The Code of Federal Regulations (CFR) is an annual codification of the general and permanent rules published in the Federal Register by the executive departments and agencies of the Federal Government.
The CFR is divided into 50 titles representing broad areas subject to Federal regulation.
Each Title is divided into chapters that are assigned to agencies issuing regulations pertaining to that broad subject area. Each chapter is divided into parts and each part is then divided into sections -- the basic unit of the CFR.
The purpose of the CFR is to present the official and complete text of agency regulations in one organized publication and to provide a comprehensive and convenient reference for all those who may need to know the text of general and permanent Federal regulations.
The CFR is keyed to and kept up-to-date by the daily Federal Register. These two publications must be used together to determine the latest version of any given rule. When a Federal agency publishes a regulation in the Federal Register, that regulation usually is an amendment to the existing CFR in the form of a change, an addition, or a removal.
A full set of the CFR consists of approximately 200 volumes. The approximately 200 CFR volumes are revised at least once a year on a quarterly basis as follows:
Titles 1 -- 16 as of January 1
Titles 17 -- 27 as of April 1
Titles 28 -- 41 as of July 1
Titles 42 -- 50 as of October 1
The revision date of each volume is printed on the cover, and at the top of every even-numbered page. Each year's cover is a different color for quick reference.
As indicated by the images below the Print CFR Index and Finding Aids volume contains an alphabetical subject index as well as an alphabetical list of agencies appearing in the CFR. Other finding aids, including a list of CFR Titles, Chapters, SubChapters, and Parts is also included. Electronic images of the print CFR Index and Finding Aids are also available.
Westlaw/WestlawNext also provide a commercial subject index to the CFR.
Finding regulations with a statutory citation
1) Use the annotations after the text of the statute in USCA or USCS for references to the CFR
2) Consult the Table of Parallel Authorities in USCS or the CFR Index to find regulations interpreting the statute or issued pursuant to the statute.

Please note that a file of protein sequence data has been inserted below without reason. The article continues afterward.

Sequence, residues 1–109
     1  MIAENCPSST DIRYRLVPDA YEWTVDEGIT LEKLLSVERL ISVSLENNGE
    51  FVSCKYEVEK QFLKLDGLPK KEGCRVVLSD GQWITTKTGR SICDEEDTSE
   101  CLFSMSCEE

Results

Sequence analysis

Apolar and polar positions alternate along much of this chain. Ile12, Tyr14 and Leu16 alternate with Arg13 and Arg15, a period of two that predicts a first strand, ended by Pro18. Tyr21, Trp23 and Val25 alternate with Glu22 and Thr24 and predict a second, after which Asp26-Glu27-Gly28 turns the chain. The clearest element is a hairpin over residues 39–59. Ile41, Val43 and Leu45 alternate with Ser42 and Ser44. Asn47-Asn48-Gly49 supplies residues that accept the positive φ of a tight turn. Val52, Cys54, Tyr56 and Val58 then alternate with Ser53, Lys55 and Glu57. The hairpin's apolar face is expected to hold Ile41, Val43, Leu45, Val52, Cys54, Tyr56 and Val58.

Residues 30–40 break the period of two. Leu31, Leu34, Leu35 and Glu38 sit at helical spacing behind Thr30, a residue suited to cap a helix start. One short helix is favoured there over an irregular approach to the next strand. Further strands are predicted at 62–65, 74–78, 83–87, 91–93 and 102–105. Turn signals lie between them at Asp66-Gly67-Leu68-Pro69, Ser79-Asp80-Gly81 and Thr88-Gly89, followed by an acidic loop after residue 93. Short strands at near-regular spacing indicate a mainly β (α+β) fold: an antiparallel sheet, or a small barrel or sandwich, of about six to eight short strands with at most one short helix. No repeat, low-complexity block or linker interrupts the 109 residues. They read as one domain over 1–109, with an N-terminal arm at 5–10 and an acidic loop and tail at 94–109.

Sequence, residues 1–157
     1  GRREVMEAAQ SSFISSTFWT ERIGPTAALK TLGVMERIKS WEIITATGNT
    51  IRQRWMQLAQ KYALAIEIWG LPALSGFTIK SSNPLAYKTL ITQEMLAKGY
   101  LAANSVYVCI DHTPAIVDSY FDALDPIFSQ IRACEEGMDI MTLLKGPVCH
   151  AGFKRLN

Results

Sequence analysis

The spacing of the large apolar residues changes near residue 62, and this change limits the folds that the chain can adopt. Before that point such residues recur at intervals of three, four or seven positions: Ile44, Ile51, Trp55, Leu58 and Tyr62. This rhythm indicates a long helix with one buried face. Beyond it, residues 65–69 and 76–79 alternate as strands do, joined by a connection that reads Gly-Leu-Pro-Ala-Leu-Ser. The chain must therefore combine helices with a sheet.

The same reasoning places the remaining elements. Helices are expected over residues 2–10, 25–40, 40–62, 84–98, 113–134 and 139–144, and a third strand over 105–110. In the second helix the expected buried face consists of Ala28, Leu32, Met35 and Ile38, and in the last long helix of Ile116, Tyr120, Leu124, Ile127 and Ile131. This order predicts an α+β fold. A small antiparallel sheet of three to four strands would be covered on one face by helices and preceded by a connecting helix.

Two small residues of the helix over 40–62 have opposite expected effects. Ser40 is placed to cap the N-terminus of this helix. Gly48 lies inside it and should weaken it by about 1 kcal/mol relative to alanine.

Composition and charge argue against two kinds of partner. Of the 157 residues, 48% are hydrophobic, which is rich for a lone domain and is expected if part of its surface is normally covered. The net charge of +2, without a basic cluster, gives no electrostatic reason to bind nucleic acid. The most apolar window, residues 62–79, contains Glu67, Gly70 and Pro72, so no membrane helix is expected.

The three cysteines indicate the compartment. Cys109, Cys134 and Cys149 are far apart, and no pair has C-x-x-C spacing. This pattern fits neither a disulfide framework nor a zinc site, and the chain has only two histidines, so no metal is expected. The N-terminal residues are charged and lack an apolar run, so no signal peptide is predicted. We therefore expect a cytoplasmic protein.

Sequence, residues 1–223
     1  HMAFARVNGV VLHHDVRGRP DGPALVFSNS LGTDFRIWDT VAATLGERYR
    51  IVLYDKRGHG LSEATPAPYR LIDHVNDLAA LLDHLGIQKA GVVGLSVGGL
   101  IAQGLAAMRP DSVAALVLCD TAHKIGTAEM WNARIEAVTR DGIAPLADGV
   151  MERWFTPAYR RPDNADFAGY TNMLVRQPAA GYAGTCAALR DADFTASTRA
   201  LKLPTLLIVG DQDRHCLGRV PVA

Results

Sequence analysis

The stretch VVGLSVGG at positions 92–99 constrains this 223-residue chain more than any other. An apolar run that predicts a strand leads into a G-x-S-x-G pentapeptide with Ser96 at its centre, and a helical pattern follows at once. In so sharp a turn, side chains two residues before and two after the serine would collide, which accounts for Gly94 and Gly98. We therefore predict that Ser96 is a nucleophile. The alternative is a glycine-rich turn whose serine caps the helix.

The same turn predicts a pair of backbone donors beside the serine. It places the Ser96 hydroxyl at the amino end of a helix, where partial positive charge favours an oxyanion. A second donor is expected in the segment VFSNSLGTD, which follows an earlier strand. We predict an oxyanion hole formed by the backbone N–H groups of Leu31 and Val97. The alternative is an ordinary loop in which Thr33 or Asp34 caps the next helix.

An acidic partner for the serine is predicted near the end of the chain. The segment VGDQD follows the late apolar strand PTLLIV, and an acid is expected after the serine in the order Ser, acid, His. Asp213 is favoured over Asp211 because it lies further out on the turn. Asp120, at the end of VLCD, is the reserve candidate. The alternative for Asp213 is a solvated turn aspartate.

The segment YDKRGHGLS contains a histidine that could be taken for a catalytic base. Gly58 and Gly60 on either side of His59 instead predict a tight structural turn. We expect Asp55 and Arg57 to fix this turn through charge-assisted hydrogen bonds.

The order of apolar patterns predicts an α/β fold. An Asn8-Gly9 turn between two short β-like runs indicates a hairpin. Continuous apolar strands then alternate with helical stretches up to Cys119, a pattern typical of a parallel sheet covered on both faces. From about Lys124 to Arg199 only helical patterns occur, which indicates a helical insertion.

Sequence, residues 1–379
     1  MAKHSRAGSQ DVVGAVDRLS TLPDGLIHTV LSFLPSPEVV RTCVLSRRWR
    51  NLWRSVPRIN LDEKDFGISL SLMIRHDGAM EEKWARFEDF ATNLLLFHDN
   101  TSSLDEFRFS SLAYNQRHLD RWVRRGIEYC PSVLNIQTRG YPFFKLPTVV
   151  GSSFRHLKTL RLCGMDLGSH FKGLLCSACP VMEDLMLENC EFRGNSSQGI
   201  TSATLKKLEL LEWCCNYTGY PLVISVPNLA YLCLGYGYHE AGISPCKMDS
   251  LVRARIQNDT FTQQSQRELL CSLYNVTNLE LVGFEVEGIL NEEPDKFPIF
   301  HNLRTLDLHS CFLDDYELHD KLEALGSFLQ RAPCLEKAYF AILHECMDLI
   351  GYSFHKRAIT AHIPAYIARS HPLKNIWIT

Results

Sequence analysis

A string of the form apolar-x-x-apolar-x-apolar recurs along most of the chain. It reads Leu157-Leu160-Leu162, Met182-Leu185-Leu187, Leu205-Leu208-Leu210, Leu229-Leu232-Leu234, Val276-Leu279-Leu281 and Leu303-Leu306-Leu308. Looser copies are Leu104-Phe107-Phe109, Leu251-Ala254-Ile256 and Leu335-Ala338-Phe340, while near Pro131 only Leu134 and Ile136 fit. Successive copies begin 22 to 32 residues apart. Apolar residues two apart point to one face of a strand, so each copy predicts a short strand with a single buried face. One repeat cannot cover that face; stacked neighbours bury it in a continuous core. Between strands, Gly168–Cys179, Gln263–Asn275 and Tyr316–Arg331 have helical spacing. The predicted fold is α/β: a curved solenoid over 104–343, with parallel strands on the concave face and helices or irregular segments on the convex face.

As mentioned on the Getting Started tab, agencies are are authorized by Congress to enforce legislation through the promulgation of regulations. One basis for challenging agency action is that the agency has exceed the authority provided by Congress. Thus, it is important to be able to locate the enabling authority. As illustrated below, enabling authority my be set forth at the end of a particular section of the CFR or the enabling authority may be set forth at the beginning of a CFR part.
Westlaw provides a linked index to assist you in locating CFR materials. Westlaw's RegulationPlus also provides access to cases and agency decisions regarding the CFR. Thus, RegulationsPlus functions as an annotated version of the CFR. WestlawNext provides similar information for regulations. Click on the link below to see a demo of the RegulationsPlus functions.
The OCU Law Library maintains the current year of the CFR in print in the Reference Wing. The brightly colored cover of the CFR makes it easy to locate. Title 25 of the print CFR, dealing with Native American issues, is maintained on permanent reserve at the Circulation Desk. Title 3, Presidential Documents, of the print CFR is also maintained separately. The Library maintains the current as well as prior years of Title 3.
The Legal Information Institute, hosted by Cornell University, allow the user to search an Index of Subject Headings for "all the section headings in the CFR and as a consequence receives sections in context. In other words you not only get sections whose headings contain your search terms but also those related sections in the same part of the Code." The LII search results then link to the e-CFR available via GPOAccess.